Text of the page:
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United States Department of Agriculture

Agricultural Research Service

Title: Pasteurella, Infection and Immunity - Book Chapter to Be Published in Encyclopedia of Immunology, 2nd Ed.

Author
item Rimler, Richard

Submitted to: Book Chapter
Publication Type: Book / Chapter
Publication Acceptance Date: February 21, 1997
Publication Date: N/A

Technical Abstract: Pasteurella multocida is a pathogenic bacterium that produces septicemic or respiratory diseases in domesticated and wild animals. Five distinct groups (A,B,D, E and F) can be distinguished by serology. The presence of a capsule contributes significantly to virulence of P. multocida and its survival in a host. Non-antigenic mucopolysaccharides associated with capsules of some strains may provide a mechanism for attaching the bacteri to host cells as well as protecting them from host cell killing. Some strains produce a toxin that will produce turbinate atrophy in swine. Protection against P. multocida is mediated primarily by antibodies. Antibodies against the protein toxin neutralize its toxic effects and protect against turbinate atrophy. Bacterins and live-attenuated vaccines are used to control diseases caused by P. multocida. Bacterins consisting of formalin-killed organisms in a water-in-oil emulsion produce a long duration of protection. Whereas protection produced by bacterins is largely serotype specific, live-attenuated vaccines can protect against a variety of serotypes.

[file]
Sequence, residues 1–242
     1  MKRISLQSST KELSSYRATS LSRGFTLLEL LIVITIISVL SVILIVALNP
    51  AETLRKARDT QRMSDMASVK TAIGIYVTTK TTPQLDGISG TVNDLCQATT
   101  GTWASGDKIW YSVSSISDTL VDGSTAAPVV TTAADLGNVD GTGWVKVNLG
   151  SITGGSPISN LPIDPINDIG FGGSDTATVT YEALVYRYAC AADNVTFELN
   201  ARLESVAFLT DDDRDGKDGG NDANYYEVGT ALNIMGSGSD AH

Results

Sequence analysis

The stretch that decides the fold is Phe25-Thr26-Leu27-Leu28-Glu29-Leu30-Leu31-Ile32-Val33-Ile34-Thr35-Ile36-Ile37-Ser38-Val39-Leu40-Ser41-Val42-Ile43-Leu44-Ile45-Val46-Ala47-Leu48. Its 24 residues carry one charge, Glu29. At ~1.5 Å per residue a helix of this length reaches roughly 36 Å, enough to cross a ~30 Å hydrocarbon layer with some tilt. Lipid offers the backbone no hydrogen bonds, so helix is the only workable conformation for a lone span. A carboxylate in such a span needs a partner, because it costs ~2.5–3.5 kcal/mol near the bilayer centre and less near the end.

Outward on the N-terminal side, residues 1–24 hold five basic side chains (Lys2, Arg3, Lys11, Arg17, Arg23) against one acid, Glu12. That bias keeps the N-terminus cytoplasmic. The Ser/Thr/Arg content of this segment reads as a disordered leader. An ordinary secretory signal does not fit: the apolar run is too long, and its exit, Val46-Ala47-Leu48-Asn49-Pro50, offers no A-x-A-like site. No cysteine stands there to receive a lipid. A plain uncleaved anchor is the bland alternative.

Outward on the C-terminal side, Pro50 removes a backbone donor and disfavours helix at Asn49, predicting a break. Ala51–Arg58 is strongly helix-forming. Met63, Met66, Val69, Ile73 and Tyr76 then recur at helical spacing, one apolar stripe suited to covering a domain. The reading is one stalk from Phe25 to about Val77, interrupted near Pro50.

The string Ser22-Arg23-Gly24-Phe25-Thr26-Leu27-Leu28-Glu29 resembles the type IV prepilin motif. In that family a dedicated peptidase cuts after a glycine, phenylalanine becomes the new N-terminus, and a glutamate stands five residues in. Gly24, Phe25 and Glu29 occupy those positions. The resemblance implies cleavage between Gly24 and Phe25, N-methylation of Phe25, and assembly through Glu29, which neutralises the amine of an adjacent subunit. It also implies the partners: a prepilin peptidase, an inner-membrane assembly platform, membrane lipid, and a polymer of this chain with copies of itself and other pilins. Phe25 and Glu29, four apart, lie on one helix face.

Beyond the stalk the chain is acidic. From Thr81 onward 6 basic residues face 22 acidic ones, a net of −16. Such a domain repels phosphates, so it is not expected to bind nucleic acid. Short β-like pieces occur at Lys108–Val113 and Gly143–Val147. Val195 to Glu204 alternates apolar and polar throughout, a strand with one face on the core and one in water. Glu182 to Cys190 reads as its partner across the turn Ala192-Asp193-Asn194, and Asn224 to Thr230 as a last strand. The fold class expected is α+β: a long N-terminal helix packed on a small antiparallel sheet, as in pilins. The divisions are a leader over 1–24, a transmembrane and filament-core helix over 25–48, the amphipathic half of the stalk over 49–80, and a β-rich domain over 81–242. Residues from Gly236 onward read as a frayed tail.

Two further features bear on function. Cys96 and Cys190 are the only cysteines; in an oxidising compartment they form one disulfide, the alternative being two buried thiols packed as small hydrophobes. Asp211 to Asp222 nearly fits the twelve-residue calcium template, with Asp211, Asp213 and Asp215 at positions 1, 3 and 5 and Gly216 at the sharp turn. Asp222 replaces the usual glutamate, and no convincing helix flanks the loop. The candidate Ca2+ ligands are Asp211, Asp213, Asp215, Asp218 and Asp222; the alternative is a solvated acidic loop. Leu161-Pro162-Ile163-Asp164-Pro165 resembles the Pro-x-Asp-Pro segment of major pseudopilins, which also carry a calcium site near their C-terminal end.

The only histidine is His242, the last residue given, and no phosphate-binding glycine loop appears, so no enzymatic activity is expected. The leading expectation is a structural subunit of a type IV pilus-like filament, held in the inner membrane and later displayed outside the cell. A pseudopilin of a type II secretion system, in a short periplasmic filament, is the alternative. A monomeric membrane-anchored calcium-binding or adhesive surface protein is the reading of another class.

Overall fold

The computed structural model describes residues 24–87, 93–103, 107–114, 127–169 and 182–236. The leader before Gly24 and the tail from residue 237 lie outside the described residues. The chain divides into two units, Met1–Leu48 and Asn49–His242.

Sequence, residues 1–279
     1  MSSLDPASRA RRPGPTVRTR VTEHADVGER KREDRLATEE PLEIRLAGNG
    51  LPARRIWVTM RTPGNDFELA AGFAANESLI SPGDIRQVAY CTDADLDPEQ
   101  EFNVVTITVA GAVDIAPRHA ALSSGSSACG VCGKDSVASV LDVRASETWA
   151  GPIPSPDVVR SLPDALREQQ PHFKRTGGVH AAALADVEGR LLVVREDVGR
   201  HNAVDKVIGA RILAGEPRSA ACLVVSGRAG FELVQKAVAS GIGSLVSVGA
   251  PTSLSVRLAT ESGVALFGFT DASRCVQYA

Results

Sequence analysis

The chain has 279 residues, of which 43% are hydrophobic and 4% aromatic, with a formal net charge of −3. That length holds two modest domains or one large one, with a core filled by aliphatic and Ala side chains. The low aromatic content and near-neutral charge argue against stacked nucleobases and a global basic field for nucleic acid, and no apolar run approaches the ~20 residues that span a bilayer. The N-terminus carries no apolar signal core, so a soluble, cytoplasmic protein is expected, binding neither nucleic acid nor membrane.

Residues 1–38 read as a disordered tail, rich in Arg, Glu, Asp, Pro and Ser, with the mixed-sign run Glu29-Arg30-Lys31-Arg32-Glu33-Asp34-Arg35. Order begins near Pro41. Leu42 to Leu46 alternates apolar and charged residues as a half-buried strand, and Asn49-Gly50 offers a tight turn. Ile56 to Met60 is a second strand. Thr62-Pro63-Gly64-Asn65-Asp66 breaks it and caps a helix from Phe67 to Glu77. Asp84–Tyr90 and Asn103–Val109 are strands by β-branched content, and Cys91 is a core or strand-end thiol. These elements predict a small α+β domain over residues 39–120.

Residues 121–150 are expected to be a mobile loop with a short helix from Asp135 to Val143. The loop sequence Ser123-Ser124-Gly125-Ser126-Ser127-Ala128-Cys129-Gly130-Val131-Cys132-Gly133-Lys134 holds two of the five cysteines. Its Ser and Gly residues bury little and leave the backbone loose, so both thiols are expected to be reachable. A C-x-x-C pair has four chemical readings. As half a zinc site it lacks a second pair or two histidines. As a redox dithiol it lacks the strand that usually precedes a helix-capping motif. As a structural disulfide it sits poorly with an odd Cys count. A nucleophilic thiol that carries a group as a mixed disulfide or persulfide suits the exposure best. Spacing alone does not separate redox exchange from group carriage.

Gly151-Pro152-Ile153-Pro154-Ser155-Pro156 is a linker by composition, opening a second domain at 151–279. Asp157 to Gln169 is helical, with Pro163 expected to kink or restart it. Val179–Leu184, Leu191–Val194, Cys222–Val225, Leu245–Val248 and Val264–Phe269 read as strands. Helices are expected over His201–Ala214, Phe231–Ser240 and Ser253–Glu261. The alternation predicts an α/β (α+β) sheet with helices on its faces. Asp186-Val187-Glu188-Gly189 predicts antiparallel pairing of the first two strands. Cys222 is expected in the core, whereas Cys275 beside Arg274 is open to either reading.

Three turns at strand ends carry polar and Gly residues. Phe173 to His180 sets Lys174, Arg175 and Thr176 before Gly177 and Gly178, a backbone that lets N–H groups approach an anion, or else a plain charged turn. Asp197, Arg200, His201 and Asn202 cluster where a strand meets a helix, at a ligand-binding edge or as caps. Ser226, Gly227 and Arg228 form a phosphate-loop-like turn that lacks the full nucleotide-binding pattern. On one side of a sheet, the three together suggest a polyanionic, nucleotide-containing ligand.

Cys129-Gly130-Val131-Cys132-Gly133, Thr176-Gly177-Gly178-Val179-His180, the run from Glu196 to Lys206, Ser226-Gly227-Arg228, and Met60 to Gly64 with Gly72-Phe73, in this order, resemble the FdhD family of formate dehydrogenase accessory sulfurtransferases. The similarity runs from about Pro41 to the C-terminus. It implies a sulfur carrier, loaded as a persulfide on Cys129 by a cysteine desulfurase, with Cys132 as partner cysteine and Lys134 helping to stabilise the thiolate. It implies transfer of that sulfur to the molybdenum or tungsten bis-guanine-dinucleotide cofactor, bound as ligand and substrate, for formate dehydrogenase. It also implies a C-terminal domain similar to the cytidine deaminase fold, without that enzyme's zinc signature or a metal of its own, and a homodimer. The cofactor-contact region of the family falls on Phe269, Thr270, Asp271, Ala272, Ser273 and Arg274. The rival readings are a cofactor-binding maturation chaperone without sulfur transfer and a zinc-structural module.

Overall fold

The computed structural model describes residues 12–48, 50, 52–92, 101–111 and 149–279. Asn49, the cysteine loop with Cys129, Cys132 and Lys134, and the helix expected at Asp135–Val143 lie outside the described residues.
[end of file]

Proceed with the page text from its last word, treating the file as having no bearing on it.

Last Modified: 7/31/2014
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